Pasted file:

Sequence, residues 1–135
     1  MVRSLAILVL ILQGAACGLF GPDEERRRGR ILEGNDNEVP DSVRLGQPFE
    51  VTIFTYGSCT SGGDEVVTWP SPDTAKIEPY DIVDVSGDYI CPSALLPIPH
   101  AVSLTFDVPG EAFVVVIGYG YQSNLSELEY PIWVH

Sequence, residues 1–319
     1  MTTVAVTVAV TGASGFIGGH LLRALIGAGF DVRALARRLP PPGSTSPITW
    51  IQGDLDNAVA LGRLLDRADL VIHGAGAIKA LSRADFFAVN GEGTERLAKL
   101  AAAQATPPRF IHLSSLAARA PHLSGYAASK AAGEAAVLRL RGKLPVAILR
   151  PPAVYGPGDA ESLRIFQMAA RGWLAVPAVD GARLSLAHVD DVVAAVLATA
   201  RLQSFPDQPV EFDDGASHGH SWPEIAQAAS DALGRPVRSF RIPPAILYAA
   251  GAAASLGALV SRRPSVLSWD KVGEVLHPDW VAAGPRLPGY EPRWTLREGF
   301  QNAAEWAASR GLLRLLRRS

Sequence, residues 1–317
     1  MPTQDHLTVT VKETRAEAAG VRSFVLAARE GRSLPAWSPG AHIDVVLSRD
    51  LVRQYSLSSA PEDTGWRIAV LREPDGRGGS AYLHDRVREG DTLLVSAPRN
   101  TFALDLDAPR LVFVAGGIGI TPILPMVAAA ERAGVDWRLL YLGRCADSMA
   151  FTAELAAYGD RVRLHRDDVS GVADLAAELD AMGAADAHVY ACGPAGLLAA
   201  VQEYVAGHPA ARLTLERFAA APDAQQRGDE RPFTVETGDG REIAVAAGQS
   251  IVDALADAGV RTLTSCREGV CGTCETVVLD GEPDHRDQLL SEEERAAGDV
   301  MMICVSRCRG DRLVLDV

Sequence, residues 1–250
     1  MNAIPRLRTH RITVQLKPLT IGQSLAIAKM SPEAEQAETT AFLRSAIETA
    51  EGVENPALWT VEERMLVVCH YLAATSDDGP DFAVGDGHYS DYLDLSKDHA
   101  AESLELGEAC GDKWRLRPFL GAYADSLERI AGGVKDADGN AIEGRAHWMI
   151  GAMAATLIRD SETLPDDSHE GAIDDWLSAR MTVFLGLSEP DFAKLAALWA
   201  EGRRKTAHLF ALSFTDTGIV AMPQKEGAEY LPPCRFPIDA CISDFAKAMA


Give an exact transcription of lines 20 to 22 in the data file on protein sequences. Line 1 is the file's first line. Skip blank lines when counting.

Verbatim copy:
   301  MMICVSRCRG DRLVLDV

Sequence, residues 1–250
     1  MNAIPRLRTH RITVQLKPLT IGQSLAIAKM SPEAEQAETT AFLRSAIETA